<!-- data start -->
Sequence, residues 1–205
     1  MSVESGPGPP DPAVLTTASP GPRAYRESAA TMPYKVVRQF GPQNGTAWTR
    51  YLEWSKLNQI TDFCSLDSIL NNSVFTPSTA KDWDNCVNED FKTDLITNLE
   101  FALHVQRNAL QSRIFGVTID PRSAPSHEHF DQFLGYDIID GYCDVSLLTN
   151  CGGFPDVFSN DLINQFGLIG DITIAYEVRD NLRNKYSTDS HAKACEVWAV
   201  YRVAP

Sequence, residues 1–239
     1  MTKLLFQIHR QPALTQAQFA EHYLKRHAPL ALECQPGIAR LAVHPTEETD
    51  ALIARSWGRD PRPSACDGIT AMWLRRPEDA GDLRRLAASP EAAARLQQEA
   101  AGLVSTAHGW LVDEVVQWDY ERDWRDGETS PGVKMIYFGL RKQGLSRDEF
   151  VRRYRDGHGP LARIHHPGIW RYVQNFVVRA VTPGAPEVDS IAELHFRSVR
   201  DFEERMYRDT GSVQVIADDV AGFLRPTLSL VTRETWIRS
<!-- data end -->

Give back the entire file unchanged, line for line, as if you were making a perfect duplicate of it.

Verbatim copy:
Sequence, residues 1–205
     1  MSVESGPGPP DPAVLTTASP GPRAYRESAA TMPYKVVRQF GPQNGTAWTR
    51  YLEWSKLNQI TDFCSLDSIL NNSVFTPSTA KDWDNCVNED FKTDLITNLE
   101  FALHVQRNAL QSRIFGVTID PRSAPSHEHF DQFLGYDIID GYCDVSLLTN
   151  CGGFPDVFSN DLINQFGLIG DITIAYEVRD NLRNKYSTDS HAKACEVWAV
   201  YRVAP

Sequence, residues 1–239
     1  MTKLLFQIHR QPALTQAQFA EHYLKRHAPL ALECQPGIAR LAVHPTEETD
    51  ALIARSWGRD PRPSACDGIT AMWLRRPEDA GDLRRLAASP EAAARLQQEA
   101  AGLVSTAHGW LVDEVVQWDY ERDWRDGETS PGVKMIYFGL RKQGLSRDEF
   151  VRRYRDGHGP LARIHHPGIW RYVQNFVVRA VTPGAPEVDS IAELHFRSVR
   201  DFEERMYRDT GSVQVIADDV AGFLRPTLSL VTRETWIRS